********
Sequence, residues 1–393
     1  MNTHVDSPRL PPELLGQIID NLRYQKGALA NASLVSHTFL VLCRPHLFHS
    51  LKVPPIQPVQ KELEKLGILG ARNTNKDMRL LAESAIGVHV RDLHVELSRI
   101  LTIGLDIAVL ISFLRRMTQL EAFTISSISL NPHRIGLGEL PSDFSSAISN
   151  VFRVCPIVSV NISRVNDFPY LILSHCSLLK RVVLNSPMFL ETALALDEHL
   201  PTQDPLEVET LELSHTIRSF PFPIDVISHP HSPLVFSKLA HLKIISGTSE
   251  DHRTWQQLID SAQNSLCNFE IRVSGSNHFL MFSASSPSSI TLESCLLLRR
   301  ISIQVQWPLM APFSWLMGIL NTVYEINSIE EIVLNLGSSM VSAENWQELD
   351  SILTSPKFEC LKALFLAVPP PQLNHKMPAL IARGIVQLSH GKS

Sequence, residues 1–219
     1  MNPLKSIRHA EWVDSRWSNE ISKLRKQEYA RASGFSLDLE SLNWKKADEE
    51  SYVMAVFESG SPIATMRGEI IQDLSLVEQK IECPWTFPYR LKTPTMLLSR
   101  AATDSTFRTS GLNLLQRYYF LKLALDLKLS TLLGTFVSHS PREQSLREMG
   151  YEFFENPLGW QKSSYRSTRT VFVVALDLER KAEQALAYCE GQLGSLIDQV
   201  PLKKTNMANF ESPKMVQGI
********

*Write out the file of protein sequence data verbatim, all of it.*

Sequence, residues 1–393
     1  MNTHVDSPRL PPELLGQIID NLRYQKGALA NASLVSHTFL VLCRPHLFHS
    51  LKVPPIQPVQ KELEKLGILG ARNTNKDMRL LAESAIGVHV RDLHVELSRI
   101  LTIGLDIAVL ISFLRRMTQL EAFTISSISL NPHRIGLGEL PSDFSSAISN
   151  VFRVCPIVSV NISRVNDFPY LILSHCSLLK RVVLNSPMFL ETALALDEHL
   201  PTQDPLEVET LELSHTIRSF PFPIDVISHP HSPLVFSKLA HLKIISGTSE
   251  DHRTWQQLID SAQNSLCNFE IRVSGSNHFL MFSASSPSSI TLESCLLLRR
   301  ISIQVQWPLM APFSWLMGIL NTVYEINSIE EIVLNLGSSM VSAENWQELD
   351  SILTSPKFEC LKALFLAVPP PQLNHKMPAL IARGIVQLSH GKS

Sequence, residues 1–219
     1  MNPLKSIRHA EWVDSRWSNE ISKLRKQEYA RASGFSLDLE SLNWKKADEE
    51  SYVMAVFESG SPIATMRGEI IQDLSLVEQK IECPWTFPYR LKTPTMLLSR
   101  AATDSTFRTS GLNLLQRYYF LKLALDLKLS TLLGTFVSHS PREQSLREMG
   151  YEFFENPLGW QKSSYRSTRT VFVVALDLER KAEQALAYCE GQLGSLIDQV
   201  PLKKTNMANF ESPKMVQGI